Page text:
Cash-for-work programs bring economic opportunity and stability to vulnerable communities throughout Afghanistan
28 MARCH 2011 | KANDAHAR PROVINCE, AFGHANISTAN
For many young Afghan men, finding work that pays enough to support a family is a daunting challenge, especially if they don’t have education or technical skills. Many have no choice but to seek work from anti-government elements in order to provide for their families. However, USAID stabilization programs are giving thousands of Kandahari men another option.
Ahmadjon is a young man who had no direction. He wanted to learn a skill, but lacked training or an apprenticeship. His future did not look good. “I was doing some odd jobs here and there, but it was hardly enough money to support my mother and father,” he said. Ahmadjon’s father was concerned that his son would get involved in stupid things to make money. When Ahmadjon learned that the Kandahar municipal government was looking for unskilled laborers, he embraced the opportunity. Soon, he found himself hauling cement at a cash-for-work project to construct a 25-kilometer sidewalk funded by USAID.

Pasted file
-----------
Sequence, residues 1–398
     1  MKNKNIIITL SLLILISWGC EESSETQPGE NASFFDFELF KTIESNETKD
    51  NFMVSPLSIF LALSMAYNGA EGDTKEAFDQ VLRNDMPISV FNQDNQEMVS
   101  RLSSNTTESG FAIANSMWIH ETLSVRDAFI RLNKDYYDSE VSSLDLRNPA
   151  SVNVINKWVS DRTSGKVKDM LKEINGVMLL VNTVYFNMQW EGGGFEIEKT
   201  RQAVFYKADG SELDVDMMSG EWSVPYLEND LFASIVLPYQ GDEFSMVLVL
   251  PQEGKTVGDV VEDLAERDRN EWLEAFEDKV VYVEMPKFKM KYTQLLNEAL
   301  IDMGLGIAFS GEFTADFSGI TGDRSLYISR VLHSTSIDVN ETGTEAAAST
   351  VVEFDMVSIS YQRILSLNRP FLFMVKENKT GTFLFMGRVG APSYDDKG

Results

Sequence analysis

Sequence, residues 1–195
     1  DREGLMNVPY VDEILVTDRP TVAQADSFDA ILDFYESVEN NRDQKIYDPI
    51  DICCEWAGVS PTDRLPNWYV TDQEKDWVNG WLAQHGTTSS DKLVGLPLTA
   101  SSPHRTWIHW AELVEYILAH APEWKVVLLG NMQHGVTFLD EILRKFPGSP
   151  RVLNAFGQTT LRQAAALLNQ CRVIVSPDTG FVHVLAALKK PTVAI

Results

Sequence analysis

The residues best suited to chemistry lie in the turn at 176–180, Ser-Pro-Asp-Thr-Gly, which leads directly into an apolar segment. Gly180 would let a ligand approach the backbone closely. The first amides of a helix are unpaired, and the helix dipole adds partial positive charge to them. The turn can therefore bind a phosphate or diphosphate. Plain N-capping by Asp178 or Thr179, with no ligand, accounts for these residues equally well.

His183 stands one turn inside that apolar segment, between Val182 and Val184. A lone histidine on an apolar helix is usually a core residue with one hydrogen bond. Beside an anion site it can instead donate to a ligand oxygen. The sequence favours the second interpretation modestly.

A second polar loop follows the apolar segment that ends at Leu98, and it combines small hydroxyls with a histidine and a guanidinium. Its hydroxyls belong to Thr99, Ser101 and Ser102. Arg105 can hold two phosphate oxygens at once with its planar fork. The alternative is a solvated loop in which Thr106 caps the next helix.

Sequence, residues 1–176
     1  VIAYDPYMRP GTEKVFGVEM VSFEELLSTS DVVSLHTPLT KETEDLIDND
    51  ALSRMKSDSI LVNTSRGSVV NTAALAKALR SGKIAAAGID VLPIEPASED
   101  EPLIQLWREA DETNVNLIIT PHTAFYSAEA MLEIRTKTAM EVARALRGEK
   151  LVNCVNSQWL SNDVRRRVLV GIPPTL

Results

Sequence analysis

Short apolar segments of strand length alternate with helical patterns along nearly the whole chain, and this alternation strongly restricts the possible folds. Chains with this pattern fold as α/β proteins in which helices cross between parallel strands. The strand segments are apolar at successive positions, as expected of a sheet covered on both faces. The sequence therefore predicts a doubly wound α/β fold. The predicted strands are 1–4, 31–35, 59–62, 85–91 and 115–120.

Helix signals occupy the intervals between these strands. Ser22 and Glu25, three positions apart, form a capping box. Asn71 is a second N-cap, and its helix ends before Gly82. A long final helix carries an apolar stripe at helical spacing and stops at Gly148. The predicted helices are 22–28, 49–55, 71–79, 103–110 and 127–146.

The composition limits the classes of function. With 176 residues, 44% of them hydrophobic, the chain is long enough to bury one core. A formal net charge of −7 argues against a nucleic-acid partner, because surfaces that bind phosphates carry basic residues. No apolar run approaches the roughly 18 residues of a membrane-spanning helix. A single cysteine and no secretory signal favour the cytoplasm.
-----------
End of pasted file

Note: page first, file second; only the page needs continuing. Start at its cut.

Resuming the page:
Hauling cement is hard work, but the sense of pride Ahmadjon gets earning honest money brings him an immense amount of satisfaction. He admits that the work is physically demanding, but recognizes that this will give him other opportunities. “At the worksite, I’m able to talk with the masons and I’m hoping that they will train me to become one,” he said. Now that Ahmadjon is earning a steady paycheck, his parents will begin the search to find a wife for him, an important milestone in a young Afghan’s life.
Through its Community Development Program and other cash-for-work stabilization projects, USAID is helping thousands of Afghans, both skilled and unskilled, to find employment in order to address the lack of economic opportunity, a significant driver of instability in Afghanistan. USAID continues to promote stability in Afghanistan’s most volatile provinces by and assisting local government structures to respond to community needs and address the major drivers of instability.
Last updated: January 20, 2015